We had classes where we negotiated fake stadium financing deals from the public sector and all these kinds of things and that – I really seemed to thrive in that. And so, it started to then turn into this, okay, sales, marketing, rev-gen, tickets, sponsorship. These kinds of things are what’s most intriguing to me. And by the time I was a senior, and then in through my grad school year, that was really my focus, but not per se to NASCAR or football or basketball or hockey or anything like that. Just trying to understand where the opportunities might lie.

Jim Reese: All right. Jason, I’ve got a, a question. When I was working with Jacob Agajanian, the car replacement number – and anybody that saw Ricky Bobby/Talladega Nights: a hundred thousand. What does it cost to re- if someone totals a car, what, what’s the cost to replace that, at this point?

Jason Golden: Well, as the chief revenue officer and the guy that has to find the money to pay for it all, I wish it was still $100,000. That is not the case anymore. In the Cup Series, in the top series of NASCAR (there’s a few different series), but in NASCAR Cup Series car, if we total a car there, we’re pushing a half a million dollars… 425, 450. It’s a big hit to the bottom line of we total a car. Now, there are things we can do. We can utilize parts, we can reuse some parts of chassis and things like that. NASCAR has helped us with some rules and regulations around the car to help manage and have some cost controls. But it is, yes, it is, it’s easily $400k if we wipe one out. That’s a big hit, for sure.

Jim Reese: I remember the template that they used when I was down in the pit area and it’s amazing how precise – if you’re off just a little bit, they will flag the car and will not let you go forward. So, it’s really something to see that.

Jason Golden: It’s interesting now and the template was what was used for many years. And now, of course, Jim, we’ve gotten away from that. Everything is digital, and so, we have to go through a laser optical scanner now on our car. Every car in NASCAR has to go through that. So, what they do is engineers draw a 3D drawing of the car, of what the shape and requirements are from NASCAR. They give us a 150,000 of an inch tolerance across the entire body. And so, if we’re not within the 150,000 of an inch parameters, then we cannot race.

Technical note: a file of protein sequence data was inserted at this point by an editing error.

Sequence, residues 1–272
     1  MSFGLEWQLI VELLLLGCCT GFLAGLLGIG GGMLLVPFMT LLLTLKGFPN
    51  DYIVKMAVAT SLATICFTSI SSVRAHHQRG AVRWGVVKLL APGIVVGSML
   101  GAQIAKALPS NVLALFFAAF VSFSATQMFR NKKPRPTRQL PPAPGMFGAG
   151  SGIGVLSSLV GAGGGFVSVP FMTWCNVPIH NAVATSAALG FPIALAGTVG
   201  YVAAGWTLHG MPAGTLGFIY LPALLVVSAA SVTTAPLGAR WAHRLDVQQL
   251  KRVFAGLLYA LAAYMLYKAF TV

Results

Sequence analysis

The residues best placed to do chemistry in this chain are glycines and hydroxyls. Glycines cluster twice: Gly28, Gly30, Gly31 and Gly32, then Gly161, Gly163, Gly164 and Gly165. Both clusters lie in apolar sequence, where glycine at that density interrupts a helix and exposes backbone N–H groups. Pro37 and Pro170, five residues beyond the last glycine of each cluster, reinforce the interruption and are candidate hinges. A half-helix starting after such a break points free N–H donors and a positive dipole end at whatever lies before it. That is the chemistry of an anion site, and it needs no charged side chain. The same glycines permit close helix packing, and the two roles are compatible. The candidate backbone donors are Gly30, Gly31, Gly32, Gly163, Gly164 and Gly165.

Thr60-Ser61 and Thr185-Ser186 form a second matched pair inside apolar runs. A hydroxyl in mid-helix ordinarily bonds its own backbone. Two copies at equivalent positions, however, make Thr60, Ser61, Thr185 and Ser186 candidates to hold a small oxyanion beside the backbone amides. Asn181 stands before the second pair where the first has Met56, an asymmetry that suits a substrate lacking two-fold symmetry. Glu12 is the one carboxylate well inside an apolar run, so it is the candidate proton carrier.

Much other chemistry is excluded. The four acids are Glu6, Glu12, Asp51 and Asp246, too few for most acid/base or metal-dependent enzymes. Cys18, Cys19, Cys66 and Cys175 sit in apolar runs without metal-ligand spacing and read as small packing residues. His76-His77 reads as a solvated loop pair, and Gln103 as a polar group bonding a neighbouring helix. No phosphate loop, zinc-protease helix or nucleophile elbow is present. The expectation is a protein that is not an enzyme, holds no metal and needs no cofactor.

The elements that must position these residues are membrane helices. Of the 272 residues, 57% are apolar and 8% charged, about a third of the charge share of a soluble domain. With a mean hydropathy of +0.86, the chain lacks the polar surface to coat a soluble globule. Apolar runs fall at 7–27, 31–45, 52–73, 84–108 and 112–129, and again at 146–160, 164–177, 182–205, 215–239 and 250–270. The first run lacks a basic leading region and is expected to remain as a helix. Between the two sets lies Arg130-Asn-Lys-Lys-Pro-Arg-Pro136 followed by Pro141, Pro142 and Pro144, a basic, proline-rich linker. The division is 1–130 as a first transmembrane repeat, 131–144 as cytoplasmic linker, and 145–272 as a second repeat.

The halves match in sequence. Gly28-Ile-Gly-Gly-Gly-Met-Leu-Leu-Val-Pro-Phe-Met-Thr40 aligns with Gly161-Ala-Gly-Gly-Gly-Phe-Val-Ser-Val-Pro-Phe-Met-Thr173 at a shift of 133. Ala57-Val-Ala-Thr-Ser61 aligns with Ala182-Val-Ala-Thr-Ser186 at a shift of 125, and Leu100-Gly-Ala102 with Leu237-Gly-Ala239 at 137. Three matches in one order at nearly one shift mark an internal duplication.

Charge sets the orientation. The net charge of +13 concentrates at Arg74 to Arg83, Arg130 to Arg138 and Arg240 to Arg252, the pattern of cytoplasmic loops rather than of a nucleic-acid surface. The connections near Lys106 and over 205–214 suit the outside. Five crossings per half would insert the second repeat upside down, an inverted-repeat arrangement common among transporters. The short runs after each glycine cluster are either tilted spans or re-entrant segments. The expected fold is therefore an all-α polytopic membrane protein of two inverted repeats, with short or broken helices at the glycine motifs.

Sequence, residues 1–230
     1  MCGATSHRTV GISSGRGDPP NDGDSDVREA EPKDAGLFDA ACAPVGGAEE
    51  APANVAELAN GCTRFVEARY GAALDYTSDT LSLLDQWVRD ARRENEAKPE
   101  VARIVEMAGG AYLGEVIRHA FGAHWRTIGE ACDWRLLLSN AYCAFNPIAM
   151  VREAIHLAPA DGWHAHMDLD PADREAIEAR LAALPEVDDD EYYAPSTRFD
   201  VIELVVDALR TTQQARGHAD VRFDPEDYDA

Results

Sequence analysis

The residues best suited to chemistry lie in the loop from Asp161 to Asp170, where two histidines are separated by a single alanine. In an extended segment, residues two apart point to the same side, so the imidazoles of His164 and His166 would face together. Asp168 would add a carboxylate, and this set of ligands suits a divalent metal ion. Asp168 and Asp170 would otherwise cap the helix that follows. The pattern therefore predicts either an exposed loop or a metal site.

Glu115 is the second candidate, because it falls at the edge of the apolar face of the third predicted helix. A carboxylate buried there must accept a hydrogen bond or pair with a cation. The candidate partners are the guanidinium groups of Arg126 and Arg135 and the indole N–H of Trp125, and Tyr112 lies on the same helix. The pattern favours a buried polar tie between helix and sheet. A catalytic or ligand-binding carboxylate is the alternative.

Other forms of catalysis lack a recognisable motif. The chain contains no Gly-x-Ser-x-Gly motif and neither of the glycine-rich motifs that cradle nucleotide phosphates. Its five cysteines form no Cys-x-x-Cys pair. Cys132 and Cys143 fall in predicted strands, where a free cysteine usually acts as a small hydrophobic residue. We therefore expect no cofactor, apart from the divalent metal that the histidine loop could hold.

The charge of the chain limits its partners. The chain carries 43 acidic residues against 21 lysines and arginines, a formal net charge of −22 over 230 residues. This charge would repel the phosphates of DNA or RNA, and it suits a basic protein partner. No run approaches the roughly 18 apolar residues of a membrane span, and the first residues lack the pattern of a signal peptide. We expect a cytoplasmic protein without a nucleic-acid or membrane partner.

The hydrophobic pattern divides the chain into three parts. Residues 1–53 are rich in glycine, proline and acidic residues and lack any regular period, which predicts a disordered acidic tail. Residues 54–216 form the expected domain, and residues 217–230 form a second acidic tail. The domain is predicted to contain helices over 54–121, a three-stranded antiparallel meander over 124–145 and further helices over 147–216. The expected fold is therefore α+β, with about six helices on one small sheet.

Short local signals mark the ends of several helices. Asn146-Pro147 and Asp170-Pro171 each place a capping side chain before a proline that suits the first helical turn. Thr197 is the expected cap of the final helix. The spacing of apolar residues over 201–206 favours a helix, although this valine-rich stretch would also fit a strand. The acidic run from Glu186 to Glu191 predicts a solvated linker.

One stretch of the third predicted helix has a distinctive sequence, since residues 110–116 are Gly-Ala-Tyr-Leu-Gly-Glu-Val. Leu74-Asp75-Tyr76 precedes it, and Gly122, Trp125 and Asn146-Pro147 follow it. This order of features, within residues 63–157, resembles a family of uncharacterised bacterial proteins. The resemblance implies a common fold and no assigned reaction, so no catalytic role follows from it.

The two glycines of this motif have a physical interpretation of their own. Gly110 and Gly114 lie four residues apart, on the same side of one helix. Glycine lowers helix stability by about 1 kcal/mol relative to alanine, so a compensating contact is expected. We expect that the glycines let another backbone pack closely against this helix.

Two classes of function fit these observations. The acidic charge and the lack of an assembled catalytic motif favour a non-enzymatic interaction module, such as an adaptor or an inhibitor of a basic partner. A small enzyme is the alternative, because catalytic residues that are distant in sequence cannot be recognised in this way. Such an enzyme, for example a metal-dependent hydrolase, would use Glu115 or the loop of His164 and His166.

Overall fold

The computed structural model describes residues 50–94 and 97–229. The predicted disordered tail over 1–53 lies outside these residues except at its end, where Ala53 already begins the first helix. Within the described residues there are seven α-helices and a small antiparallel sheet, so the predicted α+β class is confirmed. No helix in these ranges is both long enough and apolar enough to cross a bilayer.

And so, what we did at Richard Childress Racing team – one of the bigger teams in the pecking order of NASCAR (we can get into that later) – we went out and actually purchased the exact same inspection tool and inspection equipment that NASCAR uses at the track every week. So, we would have that repeatability to try to ensure that we do that. And the tolerances are so tight at this point and so precise that you’ve got to be able to do that. And then, even within that 150,000 of an inch, there are some advantages to being either as high or as low as you can within that.

So, that also, then, is an advantage for us. When we’re well-resourced, we can push the envelope as it relates to falling within that. And some of the lesser-funded teams, lesser-resourced teams, they don’t have that luxury. They have to build to the middle and build a little bit more conservatively – not necessarily have that competitive edge – to ensure that they are “chinning to the bar,” that NASCAR has put together, as it relates to the specifications on the car itself.

Jim Reese: Well, now, I’m really feeling old, because the last time I saw it, there was an actual template that they set on top of the car to do it. That’s how long it’s been since I’ve been down in the pit, so.

Jason Golden: Well, we used to call it the big metal claw, right? It sort of just looks like a big claw that would come down and sit right on top of the car. And the teams, we have a lot of really smart engineers. We found ways to sort of manipulate the claw. We knew where the claw would touch. We knew where the template would sit on the car. So, NASCAR got pretty wise to that. And once the technology became such that they could use a laser, an optical scanner, that has removed some of the “gray area,” as they say in the rule book, for us. Yeah.

Jim Reese: They put the kibosh on it, huh?

Jason Golden: Yeah. Correct. Yes sir.

Jim Reese: Uh, Britt?

Brittany Jacobs: I was going to say: We’re seeing that tech is becoming more and more integral to sport, as we move forward. And, of course, AI is this entirely new sphere of sport that we’re running into. Are you all using AI or tech in any other ways?

Jason Golden: We really are. And, so, one of the things that I do, Brittany, many times when I’m talking about – in my role, you know, I’m trying to work on getting the corporate sponsors and the corporate partners to come in and sponsor our car, which helps us fund our organization. And one of the things that we try to do when we are in negotiations, or even early conversations, with some of our sponsors, we do a little bit of myth busting, right?